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Thread: Discussion - scan of ???

  1. #31
    Steven Ruttenberg's Avatar
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    Re: Discussion - scan of ???

    In the end, does it really matter whether or not it is digital or analog? Obviously, to see it on line, it is a digital representation of a print/negative. Does it really matter if it is a digital image of something that was captured on a 4x5 sheet of film, that was developed in chemicals, dried and then either exposed on paper using the various techniques available or scanned into a computer and brought to life that way? I do not believe so. Imaging the artists in the 1700's when people first started to monkey around with cameras, first by projecting onto a wall or something and tracing out the image, then by exposing a chemically treated piece of glass or other medium and suddenly having a realistic looking image appear with practically little skill (aside from being a chemist at the time) One who could not paint or draw suddenly could create images, imagine the horror to the Rembrandts and Picassos at the time and for quite sometime afterwards. I can imagine this same discussion taking place then as now only the terminology and reference points would be different.

    When we look at a book of a photographers images or of an artists, they are all "not true" to the original if you will, they were copies and sometimes copies of copies, like cloning. When we print a picture from film, cool, when we scan it in and present it cool, when we print what we scanned cool, even if manipulated, which allows the artist/photographer to better realize his/her minds vision. What do we say about an image we scan in, correct/manipulate then create a digital negative, then create a print from that negative? Is it fake? No, it is a fact of the times.

    I love film and everything about it, but that doesn't mean I have to be beholden to it as the final solution.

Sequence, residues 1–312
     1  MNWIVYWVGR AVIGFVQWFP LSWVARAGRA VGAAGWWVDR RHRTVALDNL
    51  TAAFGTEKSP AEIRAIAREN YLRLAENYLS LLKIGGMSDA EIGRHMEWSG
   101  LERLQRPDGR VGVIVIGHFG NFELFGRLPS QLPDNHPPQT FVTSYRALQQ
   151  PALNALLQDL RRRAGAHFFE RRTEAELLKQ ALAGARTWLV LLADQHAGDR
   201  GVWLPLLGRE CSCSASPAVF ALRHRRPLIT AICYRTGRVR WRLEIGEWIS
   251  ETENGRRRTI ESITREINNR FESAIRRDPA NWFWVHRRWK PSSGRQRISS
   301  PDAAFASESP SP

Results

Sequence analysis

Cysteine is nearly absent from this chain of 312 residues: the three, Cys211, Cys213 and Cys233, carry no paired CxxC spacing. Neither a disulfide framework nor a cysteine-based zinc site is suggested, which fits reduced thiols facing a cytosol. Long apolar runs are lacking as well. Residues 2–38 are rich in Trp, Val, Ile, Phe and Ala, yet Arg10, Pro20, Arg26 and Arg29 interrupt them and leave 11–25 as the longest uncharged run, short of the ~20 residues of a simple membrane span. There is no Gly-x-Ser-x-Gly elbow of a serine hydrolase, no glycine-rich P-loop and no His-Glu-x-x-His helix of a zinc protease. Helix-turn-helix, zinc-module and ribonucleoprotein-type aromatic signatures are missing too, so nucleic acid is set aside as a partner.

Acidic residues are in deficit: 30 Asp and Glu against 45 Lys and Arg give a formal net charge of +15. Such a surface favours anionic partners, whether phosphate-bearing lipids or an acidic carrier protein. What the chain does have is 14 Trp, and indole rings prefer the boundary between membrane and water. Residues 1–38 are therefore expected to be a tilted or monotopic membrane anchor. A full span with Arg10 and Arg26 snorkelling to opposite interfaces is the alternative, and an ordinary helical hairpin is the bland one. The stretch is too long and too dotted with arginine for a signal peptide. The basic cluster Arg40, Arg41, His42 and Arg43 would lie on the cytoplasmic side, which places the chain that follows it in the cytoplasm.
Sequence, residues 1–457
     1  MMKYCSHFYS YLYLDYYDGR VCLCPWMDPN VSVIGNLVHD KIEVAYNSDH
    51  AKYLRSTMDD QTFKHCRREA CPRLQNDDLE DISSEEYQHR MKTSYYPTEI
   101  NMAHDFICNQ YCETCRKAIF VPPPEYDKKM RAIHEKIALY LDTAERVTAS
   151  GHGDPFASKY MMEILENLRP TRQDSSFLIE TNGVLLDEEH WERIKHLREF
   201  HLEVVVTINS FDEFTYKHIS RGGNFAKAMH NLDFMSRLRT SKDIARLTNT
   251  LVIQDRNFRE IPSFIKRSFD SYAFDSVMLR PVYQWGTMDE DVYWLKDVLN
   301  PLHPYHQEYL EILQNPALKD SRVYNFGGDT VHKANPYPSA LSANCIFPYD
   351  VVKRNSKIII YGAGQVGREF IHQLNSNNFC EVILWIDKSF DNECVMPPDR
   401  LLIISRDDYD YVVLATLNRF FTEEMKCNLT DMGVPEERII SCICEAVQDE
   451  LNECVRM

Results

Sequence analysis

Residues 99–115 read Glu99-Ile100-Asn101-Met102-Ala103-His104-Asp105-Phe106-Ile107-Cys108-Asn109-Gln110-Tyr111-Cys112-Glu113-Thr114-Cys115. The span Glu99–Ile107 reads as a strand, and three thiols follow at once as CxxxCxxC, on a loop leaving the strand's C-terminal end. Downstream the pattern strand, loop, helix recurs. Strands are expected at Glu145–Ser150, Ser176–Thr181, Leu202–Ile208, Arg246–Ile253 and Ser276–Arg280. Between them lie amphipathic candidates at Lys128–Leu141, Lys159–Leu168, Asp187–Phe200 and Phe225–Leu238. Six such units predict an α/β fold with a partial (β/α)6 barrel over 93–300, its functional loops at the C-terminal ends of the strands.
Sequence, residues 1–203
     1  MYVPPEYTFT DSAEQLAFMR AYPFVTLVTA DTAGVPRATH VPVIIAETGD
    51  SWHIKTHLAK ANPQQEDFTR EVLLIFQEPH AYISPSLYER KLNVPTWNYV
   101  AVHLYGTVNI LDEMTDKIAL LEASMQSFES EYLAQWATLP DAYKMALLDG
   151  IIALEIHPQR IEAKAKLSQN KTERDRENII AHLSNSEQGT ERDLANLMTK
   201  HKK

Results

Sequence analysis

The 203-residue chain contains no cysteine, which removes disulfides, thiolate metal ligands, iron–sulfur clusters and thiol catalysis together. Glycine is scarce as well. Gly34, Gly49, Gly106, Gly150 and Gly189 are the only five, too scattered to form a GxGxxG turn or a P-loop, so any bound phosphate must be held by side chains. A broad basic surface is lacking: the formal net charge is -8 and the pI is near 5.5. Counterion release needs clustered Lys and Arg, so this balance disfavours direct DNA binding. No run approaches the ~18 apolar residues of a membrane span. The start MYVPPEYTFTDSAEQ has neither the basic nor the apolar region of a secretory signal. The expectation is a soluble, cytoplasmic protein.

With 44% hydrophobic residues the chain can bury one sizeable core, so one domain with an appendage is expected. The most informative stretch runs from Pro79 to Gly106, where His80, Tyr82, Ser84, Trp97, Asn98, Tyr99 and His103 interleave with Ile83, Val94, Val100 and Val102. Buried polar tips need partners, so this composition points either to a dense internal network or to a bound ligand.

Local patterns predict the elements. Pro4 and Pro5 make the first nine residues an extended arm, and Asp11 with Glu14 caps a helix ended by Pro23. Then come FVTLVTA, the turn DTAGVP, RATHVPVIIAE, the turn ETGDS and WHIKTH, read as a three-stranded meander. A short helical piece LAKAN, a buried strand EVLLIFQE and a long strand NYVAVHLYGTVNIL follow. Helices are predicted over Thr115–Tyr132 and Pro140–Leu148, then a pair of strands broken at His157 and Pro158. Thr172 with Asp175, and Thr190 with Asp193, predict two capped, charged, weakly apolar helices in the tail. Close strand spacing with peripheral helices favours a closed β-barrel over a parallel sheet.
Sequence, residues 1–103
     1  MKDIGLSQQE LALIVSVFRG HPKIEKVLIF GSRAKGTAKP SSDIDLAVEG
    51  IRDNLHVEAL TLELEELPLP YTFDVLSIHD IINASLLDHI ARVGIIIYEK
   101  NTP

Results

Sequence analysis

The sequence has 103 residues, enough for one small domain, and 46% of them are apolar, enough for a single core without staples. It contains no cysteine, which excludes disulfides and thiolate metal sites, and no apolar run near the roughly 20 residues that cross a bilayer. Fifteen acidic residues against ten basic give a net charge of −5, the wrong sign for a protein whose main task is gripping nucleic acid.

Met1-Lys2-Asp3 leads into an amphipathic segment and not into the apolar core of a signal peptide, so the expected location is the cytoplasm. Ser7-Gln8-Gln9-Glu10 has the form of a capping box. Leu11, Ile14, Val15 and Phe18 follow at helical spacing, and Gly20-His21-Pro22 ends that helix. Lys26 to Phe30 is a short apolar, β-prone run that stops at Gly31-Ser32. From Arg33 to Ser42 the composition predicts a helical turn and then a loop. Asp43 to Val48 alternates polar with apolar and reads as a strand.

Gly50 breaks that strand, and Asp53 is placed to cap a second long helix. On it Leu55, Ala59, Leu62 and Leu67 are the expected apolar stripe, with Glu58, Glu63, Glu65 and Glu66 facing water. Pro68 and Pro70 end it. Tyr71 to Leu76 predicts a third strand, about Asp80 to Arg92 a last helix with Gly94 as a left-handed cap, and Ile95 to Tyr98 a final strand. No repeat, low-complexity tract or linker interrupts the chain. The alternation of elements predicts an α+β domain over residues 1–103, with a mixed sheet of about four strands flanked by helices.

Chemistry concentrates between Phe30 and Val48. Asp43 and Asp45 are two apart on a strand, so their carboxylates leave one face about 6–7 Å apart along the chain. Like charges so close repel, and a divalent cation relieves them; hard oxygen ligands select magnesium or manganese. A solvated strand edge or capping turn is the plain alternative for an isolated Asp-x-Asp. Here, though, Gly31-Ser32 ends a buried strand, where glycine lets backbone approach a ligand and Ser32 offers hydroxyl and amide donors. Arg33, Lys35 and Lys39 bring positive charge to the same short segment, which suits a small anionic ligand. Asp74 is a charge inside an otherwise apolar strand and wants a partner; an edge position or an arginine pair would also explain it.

In the end, it doesn't really matter if we label the images here or not, but most seem to tell how the image was created and it is obvious it was photographed/scanned in at some point. So long as your monitor is calibrated you should see what the person intended to you to see.

    Well, I wish film/paper had undue button, that would be cool.

    And at least it isn't Pentacostal religion, would make for some pretty interesting photo sessions and developing/printing sessions.

  2. #32
    Maris Rusis's Avatar
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    Re: Discussion - scan of ???

    Quote Originally Posted by Steven Ruttenberg View Post
    In the end, does it really matter whether or not it is digital or analog?.....
    One could say it only matters when it matters. Photography in its original meaning describes a process that is unique in the way it connects subject matter with a picture of that subject matter. There is a philosophical and somewhat abstract way of considering this.

    To invoke a familiar quotation:"The authority of a photograph to describe subject matter comes not from resemblance but from direct physical causation." If, and it is a very big IF, that is the quality one insists on in a picture then only photography will deliver it. One reason to prefer a picture made by "direct physical causation" is that such a picture offers a very high level of descriptive credibility compared with the alternatives. Curiously, there are actually a few other methods of depiction that depend on direct physical causation. These include death masks, life casts, brass rubbings, wax impressions, coal peels, even footprints in soft earth. Again, like with photography, none of these depictions can exist without the subject matter existing too.

    At a fundamental level all other depictions depend on a description of a picture being made visible. A description may be in the form of words, electronic bubbles in a computer memory, neural connections in a artist's brain, and so on. And the "make visible" part can be done by a monitor screen, ink-jet printer, artist's hand wielding brush or pencil, and so on. An accurate description of subject matter actualised via a good picture making device can produce very high levels of resemblance. A poor description makes for poor resemblance and a fictional description will generate a fictional picture.

    Modern technology offers a richness and variety in picture-making techniques that has never been available before. I guess one chooses according to one's priorities.
    Photography:first utterance. Sir John Herschel, 14 March 1839 at the Royal Society. "...Photography or the application of the Chemical rays of light to the purpose of pictorial representation,..".

  3. #33

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    Re: Discussion - scan of ???

    Quote Originally Posted by esearing View Post
    If we in the LF group are going to display images as photographs then I would hope the electronic version of that image would be from the final product output and not an intermediate step, unless noted.
    Wow. That's a big IF.

    Are you assuming that the end game for us all is a hand made darkroom print? Just curious how you think final product outputs are posted here online? And how that's different from an "intermediate step?"

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